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DePauw Theatre

2018-19 Season

 

Sister Act
TICKETS AVAILABLE NOW
Thursday, September 27 Get Tickets Now
Friday, September 28 Get Tickets Now
Saturday, September 29 Get Tickets Now
Sunday, September 30 Get Tickets Now

SISTER ACT

DIRECTED BY SUSAN ANTHONY
MUSICAL DIRECTION BY STEVEN LINVILLE '06
CHOREOGRAPHY BY JARED NORMAN '12
SEPT. 27-29 | 7:30 P.M.
SEPT. 30 | 1 P.M.

Sister Act, the “feel-good, musical comedy smash” opens with Deloris Van Cartier, unsuccessful wannabe nightclub singer, witnessing a murder. When Deloris unexpectedly sees her married gangster lover Curtis shoot a man, she must run for her life before he is able to silence her. The police decide to hide her in the very last place anyone would think of looking:  a convent.

Deloris, now Sister Mary Clarence, must give up her flashy outfits, cigarettes, and liquor but she gains so much more as she learns to appreciate the enthusiasm and courage of the Sisters. Share the excitement as Deloris turns the sad, off-key choir into a joyous, inclusive, and highly lucrative Philadelphia sensation, which attracts international attention but also puts the lives of Deloris – and the Sisters – in jeopardy.

Nominated for five Tony awards, Sister Act features an exuberant mix of music ranging from Motown, soul, and disco to poignant ballads and transcendent hymns, all designed to celebrate music’s ability to change lives and bring together different communities.  Join the sisters and make a joyful noise!


Plays by Latina and African American Women
TICKETS AVAILABLE NOW
Thursday, November 15 Get Tickets Now
Friday, November 16 Get Tickets Now
Saturday, November 17 Get Tickets Now
Sunday, November 18 Get Tickets Now

PLAYS BY LATINA AND AFRICAN AMERICAN WOMEN

Poof! by Lynn Nottage
She Talks to Beethoven by Adrienne Kennedy
Personal Effects by Griselda Gambaro
Springtime by Maria Irene Fornes

DIRECTED BY TIM GOOD

NOV. 15-17 | 7:30 P.M.
NOV. 18 | 1 P.M. 

Spontaneous combustion.  A mountain of suitcases. Beethoven in Ghana.  Intersections of Poverty/Homophobia/Illness. Four extraordinary playwrights directly confront the deeper issues of our time, creating a performance full of humanity, fierce love, and courage.  The plays are: Poof! by two-time Pulitzer Prize winner Lynn Nottage, Springtime by nine-time Obie Award winner Marie Irene Fornes, She Talks to Beethoven by Obie Lifetime Achievement Award winner Adrienne Kennedy, and Personal Effects by Argentinian Guggenheim Fellow Griselda Gambaro.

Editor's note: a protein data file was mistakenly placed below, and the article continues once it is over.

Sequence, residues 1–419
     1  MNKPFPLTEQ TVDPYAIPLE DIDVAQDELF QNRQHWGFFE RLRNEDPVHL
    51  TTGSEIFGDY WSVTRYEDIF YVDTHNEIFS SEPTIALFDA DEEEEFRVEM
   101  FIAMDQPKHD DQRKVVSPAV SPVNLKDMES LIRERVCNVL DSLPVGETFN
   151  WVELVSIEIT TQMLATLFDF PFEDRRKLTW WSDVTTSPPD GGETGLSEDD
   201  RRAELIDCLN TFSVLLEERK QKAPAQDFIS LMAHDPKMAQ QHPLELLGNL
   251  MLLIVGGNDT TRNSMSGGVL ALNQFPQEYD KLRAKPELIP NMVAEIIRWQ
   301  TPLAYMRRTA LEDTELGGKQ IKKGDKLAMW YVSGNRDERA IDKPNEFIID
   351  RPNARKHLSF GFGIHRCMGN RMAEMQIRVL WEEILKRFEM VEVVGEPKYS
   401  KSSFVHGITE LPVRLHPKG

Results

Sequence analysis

DePauw One Acts
TICKETS AVAILABLE NOW
Thursday, March 7 Get Tickets Now
Friday, March 8 Get Tickets Now
Saturday, March 9 Get Tickets Now
Sunday, March 10 Get Tickets Now

DEPAUW ONE ACTS

DIRECTED BY STEVE TIMM

MARCH 7-9| 7:30 P.M.
MARCH 10 | 1 P.M.

 

 

 

 

 

 

 


Trojan Women
TICKETS AVAILABLE NOW
Thursday, April 11 Get Tickets Now
Friday, April 12 Get Tickets Now
Saturday, April 13 Get Tickets Now
Sunday, April 14 Get Tickets Now

TROJAN WOMEN

DIRECTED BY CAROLINE GOOD

APRIL 11-13 | 7:30 P.M.
APRIL 14 | 1 P.M.

Euripides’ Trojan Women is the one of the greatest anti-war plays ever written.  It depicts the suffering of women and children after every war.  It has been used many times to protest against war and to act as a warning for audiences who see it.  It can also be a consolation for those who are suffering, because in it they see that over the ages, others too have suffered.  In our moment in time when war should be obsolete, it is a time filled with perpetual war, fueled by a hunger for power, and yet rather than spreading democracy, the tragedy of displacement, death, and destruction is spread and must be endured by those current victims of war, just like the Trojan women.  In contrast to the grief of the women, the barbarism of the so-called civilized Greeks is an indictment of all imperialists. Hence, the unfortunate relevance today of this story that was written over 2,000 years ago.

This play has something for everyone: gods appear at the beginning; soldiers collect their loot after battle; a chorus of women suffer the worst they can suffer: the loss of their city, their men, and their children; a comic interlude between a femme fatale and her husband whom she deserted; and then darkness again, before the play ends with a faint ray of hope in the human spirit.


SPRING SPECTACLE OF SHAKESPEARESpring Spectacle of Shakespeare

DIRECTED BY SHAKESPEARE IN THE SCHOOLS STUDENTS
PROGRAM DIRECTOR AND INSTRUCTOR OF SHAKESPEARE IN THE SCHOOLS COURSE, GIGI JENNEWEIN

SATURDAY, MAY 4

Cloverdale Schools
South Putnam Schools
North Putnam Schools
Greencastle High School

In its 8th year, the Spring Spectacle is a partnership between DePauw University and Putnam County schools. The program trains DPU students to direct local middle and high school students in the mounting of fully staged 90-minute Shakespeare plays. The Spring Spectacle is inspired by and produced in association with Shakespeare & Company in Lenox, MA.